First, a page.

Evidently, Collin didn’t approve of rigid pool covers. They probably cost too much for his taste. Instead, he’d bought one of those cheap, floating bubble-wrap things with no structural integrity. Water leaped for joy, and made a big splash as it went everywhere. My top half was soaked, my feet were still tangled in the chair, and my head was underwater.
At least the water was warm.
I floundered for entirely too long, trying to do a reverse sit-up while my hands scrabbled to find the edge of the tub. I managed to grab it, and push myself out. By now, there was not much point in trying to be stealthy, so I kicked the chair free of my legs. Inside the house, a male voice was bellowing. This was not going as well as I’d hoped.
I sprinted up the path to the fence, cooling water trickling from my soaked top down the inside of my trousers. I pushed my way through the tree branches, and jumped for the top of the fence.
Despite the adrenaline fuelling my jump, I wasn’t even close. I slid down the fence boards, and another branch caught me in the same spot on my back.
On my second jump I didn’t even get that high. My clothing got caught on a branch, and I was knocked off balance. I fell backward, and rolled down the slope toward the garden.
It was a good thing that the glass cold frame broke my fall.
protective custody certainly cramps a PI’s style, so when a group
of collectors want Veronica to track down an historical artifact in
England, she jumps at the chance. They’ll even handle recovery, so
all she has to do is find the item. It’s a piece of cake.
left out. Everybody is after this thing. Veronica has to dodge
bullets meant for another PI, get chased all over Europe by Finnish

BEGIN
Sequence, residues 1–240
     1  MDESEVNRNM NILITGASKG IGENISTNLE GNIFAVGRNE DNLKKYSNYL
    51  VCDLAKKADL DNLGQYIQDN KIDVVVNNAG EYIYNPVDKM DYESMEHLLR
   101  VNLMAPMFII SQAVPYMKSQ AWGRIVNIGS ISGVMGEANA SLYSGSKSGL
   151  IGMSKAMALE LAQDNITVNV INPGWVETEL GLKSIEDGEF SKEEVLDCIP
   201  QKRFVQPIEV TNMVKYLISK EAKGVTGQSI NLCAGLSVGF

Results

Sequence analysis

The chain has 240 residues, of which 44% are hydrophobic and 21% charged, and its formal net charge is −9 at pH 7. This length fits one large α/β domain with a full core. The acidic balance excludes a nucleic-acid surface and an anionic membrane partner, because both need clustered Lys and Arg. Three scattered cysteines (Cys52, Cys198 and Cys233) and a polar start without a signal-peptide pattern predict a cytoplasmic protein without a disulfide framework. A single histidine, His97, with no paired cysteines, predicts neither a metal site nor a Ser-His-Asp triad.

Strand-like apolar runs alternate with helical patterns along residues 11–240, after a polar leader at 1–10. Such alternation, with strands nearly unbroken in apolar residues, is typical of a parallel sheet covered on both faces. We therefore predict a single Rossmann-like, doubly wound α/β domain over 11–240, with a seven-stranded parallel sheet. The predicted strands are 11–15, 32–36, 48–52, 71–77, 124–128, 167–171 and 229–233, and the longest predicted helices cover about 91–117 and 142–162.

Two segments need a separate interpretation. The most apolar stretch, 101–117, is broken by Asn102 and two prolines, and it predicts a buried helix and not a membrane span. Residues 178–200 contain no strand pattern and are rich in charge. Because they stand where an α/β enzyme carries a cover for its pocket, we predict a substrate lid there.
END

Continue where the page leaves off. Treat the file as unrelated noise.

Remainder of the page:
terrorists, tries not to violate every national park in the world,
and has to put up with an English investigator who insists on
to be more dangerous than she was led to believe. Veronica has to
trust somebody who tried to remove her head, decide the fate of the
world, and survive an angry volcano. At least she’s getting paid
for it. If she can collect.
On the way back to our hotel we were walking beside a park when Lana shoved me forward. As I stumbled I saw a big man rushing toward us from the direction of the trees. He was holding an impressive-looking knife in a way that told me he wasn’t an amateur with it. He was wearing a ski mask.
Seriously? A ski mask? How cliché.
Lana had backed away and was starting her capoeira dance. Since I was on the ground he ignored me for the moment it took him to try to figure out how to attack Lana. That gave me a chance to spin around and drive my foot into the side of his knee. He shifted his attention back to me just in time, slashing the knife downward toward my leg. I felt it catch on my jeans, then my foot connected.
His knee buckled with a nasty sound and he grunted. The knife stayed in his hand as he fell. His noise-making didn’t last long as Lana launched herself into the air almost simultaneously and nailed him on his temple with her heel. Her dress billowed out gracefully, and it would have looked spectacular in slow-motion. I don’t think he appreciated the sight before he became extremely unconscious.
Lana looked completely unruffled as she held out her hand to help me up. “Are you all right?”
“Yeah.” That’s when I noticed some blood on my leg. His knife had been sharp enough that the cut wasn’t hurting yet. Through the slice in the fabric it didn’t seem too bad.
She checked his neck for a pulse. “He’s still alive.”
I kicked his knife further from his hand. “That’s a relief. I don’t envy him how he’ll feel when he wakes up.”
Lana peeled back his mask. “How interesting.”
It was our book worm from the Helsinki airport.